THE CUTTING ROOM FLOOR: Scenes From a Karoake Bar

                                             Scenes From a Karaoke Bar

OR…

                                          The Billboard Astrology Charts

Brooke sings Fight For Your Right to Party, by The Beastie Boys. She manages to do it badly, even for a song that demands so little of a karaoke singer. It’s likely because her focus is more on posturing: A fist in the air, a heavy-footed strut, thrusting her breasts forward to empathize the word fight for the glassy-eyed stoners playing pool…

in the back of the bar. She wants them to think that she’s on their wavelength, that she can do anything they can do, match them shot for shot, punch for punch, tattoo for tattoo.

But she’s doesn’t want to. Brooke only wants them to think she does, because they say that’s what they want, a girl that can just hang out, chill, get high. But they’ll find her out one day. She tries too hard, wearing her efforts like a badge, or brightly colored plumage.

The brim of a pub cab worn at eyebrow level, the way she’s the first to condemn others for not taking part in a group tequila shot to stoke up ridicule from rest of the boys, and the way her song choice shouts look what I picked louder than listen to what I’m singing.

The only question is if they’ll find her out before it’s too late for Brooke to put on a new hat, or if by then it will be all she knows. An occasional willingness to travel to the bar by skateboard loses novelty as the years pass, and like other trends, Brooke’s time in the limelight will be forgotten due to its lack of substance. Her thriving fanbase, gathered around the pool tables of the world, will wither into an occasional nostalgic passing fancy lost to social evolution.

Brooke finishes her song and starts back to her throne, swinging a wide arcing high five to a lecherous bald man seated at the bar ogling anything that might wear a skirt as she passes. His polo shirt is stretched tightly around his bulging belly reaching reaching reaching to reach the waist of his jeans where its tucked in and tied up with a brown leather braided belt. He thinks this is the height of fashion, and with all the drinks he buys, few will argue.

After thanking Brooke for her performance, the KJ announces the specials and crowd to tip their bartender, then calls Chantell, to the corner of the bar referred generously to as the stage, singing her name to the tune of Jolene by Dolly Parton. Chantell, Chantell, Chantell, Chaaanteeeelllll. I’m telling you it’s time to sing your song.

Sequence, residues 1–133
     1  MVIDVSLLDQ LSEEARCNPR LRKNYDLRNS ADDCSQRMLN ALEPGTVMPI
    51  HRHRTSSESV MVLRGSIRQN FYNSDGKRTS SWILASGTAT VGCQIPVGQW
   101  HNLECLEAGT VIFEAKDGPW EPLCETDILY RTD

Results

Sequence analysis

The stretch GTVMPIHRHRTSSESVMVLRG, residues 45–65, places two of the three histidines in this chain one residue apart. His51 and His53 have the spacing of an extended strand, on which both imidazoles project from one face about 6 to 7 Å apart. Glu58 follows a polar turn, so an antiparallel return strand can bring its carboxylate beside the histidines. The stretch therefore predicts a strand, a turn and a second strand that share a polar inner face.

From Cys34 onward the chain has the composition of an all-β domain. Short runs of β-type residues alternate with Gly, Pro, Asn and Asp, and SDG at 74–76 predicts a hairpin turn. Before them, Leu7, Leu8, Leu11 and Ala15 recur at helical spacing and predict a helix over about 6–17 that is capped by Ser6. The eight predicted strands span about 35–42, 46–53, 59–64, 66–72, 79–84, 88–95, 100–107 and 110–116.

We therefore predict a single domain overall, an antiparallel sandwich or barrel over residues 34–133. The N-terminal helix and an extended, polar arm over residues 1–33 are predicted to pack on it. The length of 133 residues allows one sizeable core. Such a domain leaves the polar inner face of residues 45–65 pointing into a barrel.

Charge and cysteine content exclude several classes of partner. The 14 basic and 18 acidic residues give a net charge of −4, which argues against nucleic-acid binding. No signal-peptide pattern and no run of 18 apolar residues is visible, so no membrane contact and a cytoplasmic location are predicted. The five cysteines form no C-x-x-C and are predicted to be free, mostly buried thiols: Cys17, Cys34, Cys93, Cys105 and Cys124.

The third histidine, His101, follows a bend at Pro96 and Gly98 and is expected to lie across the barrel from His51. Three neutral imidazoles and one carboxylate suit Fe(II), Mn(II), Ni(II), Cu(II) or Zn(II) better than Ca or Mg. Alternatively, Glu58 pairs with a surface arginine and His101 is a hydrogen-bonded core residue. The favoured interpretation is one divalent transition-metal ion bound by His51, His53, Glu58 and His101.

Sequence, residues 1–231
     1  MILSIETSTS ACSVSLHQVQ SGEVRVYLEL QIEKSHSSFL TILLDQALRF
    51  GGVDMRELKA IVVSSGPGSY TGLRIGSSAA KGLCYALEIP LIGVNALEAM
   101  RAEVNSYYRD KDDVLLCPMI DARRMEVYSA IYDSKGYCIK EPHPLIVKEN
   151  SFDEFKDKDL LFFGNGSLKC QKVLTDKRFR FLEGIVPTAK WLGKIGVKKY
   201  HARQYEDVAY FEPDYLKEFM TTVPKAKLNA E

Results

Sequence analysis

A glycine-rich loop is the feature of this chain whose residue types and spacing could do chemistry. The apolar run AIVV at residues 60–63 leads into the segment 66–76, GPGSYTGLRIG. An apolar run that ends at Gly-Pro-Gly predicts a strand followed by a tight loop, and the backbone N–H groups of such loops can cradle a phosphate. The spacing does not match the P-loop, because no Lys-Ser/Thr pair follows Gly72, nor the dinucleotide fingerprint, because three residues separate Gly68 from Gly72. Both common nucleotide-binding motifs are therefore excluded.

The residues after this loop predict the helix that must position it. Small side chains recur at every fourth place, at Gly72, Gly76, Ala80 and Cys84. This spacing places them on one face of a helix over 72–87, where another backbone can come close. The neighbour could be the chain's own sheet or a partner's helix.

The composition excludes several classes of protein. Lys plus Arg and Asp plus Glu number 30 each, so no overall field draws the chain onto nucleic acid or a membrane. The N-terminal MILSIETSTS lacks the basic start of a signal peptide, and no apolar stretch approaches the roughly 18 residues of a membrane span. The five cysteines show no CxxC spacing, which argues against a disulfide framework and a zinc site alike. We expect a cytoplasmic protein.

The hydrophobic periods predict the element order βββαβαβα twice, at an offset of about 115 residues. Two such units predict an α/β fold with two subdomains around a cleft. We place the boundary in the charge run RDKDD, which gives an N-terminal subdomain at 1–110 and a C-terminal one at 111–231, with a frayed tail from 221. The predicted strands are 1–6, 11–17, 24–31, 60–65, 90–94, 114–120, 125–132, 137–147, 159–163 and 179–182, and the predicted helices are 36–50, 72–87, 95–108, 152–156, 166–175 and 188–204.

Chantell is a fat girl. Not big boned or full-figured, but fat with generous rolls under arms and chin and a jello-like jiggle in her cheeks, though she doesn’t know it. Every week she wraps all 250 pounds of her up in polka dots for this dance. She prances forward on eggshells, connecting hoofs shod in kitten heels three years out fashion to the sticky linoleum with a delicacy that resembles grace. She holds the microphone lightly in her right hand, the pinky raised slightly as she makes flirty eyes at Mr. Polo Shirt while the intro to her song plays, an old jazz ballad. She sings it well enough, hitting the right notes in the proper key, but does so in a childish manner best befitting Betty Boop, all the while winking and making faces to the audience that resemble a hunting trophy’s leer.

She blows kisses to her “fans” when the songs ends, and daintily prances back to her booth to resume her favorite topic of conversation: how badly all the men in the bar want to fuck her—not sleep with, have sex with or screw, but fuck, a ferocious violation employing the subtle nuanced distinctions of a jackhammer—while her husband, a man with an equivalent figure but possessing the good sense to avoid polka dots, buys drinks for her suitors.

Next up is Mr. Graves, a skinny man in his late 20’s who looks forty years out of time in his signature 3-piece suit and porkpie hat. He takes a bar stool to the stage to assume his signature stance (seated with one leg spread aside to look like Tony Bennet or Dean Martin after twelve times the number of drinks Mr. Graves can afford on a cashier’s salary) and he begins his signature act, a teen-marketed top 40 pop song sung with a gravelly moan ala Tom Waits for comic effect. This week it’s Britney Spears. A cigarette hangs from the corner of his mouth and his non-mic hand clutches a glass of neat bourbon as he groans out a request to hit him one more time. The girl he started this act to impress doesn’t come here anymore.

The KJ gives the microphone to Brad the bartender next, who sings a Billy Idol song while pouring drinks to the giddy delight of the college girls out for a 21st birthday party. Their previous experiences requesting alcohol from men generally involved the men requesting other sorts of favors in return. This one does tricks.

A conga line breaks out when someone sings The Banana Boat Song by Harry Belafonte, a gay man sings It’s Raining Men to the great discomfort of the “dudes” at the pool table, an almost frighteningly enthusiastic Metal Eric growls out Cowboys From Hell by Pantera then raises his glass to the memory of their slain guitar player Dimebag Darrell. Eventually the 21st birthday goes up as a group to sway arm in arm singing The Piano Man by Billy Joel. For a moment, the KJ feels it might be about him.

All the while, Todd the Schizophrenic sits at the bar talking to himself and fawning over over young blond girls, patiently waiting his turn to sing a whiny out of tune rendition of the 80’s techno pop he loves so dearly, and Ian the alcoholic sits in the corner waiting his turn to order another drink or a grant from the national endowment from the arts, whichever comes first.

Astronomers claim that the universe is constantly expanding. But things stay pretty much the same every Thursday at The Backwater Lounge: too many stars and not enough sky.

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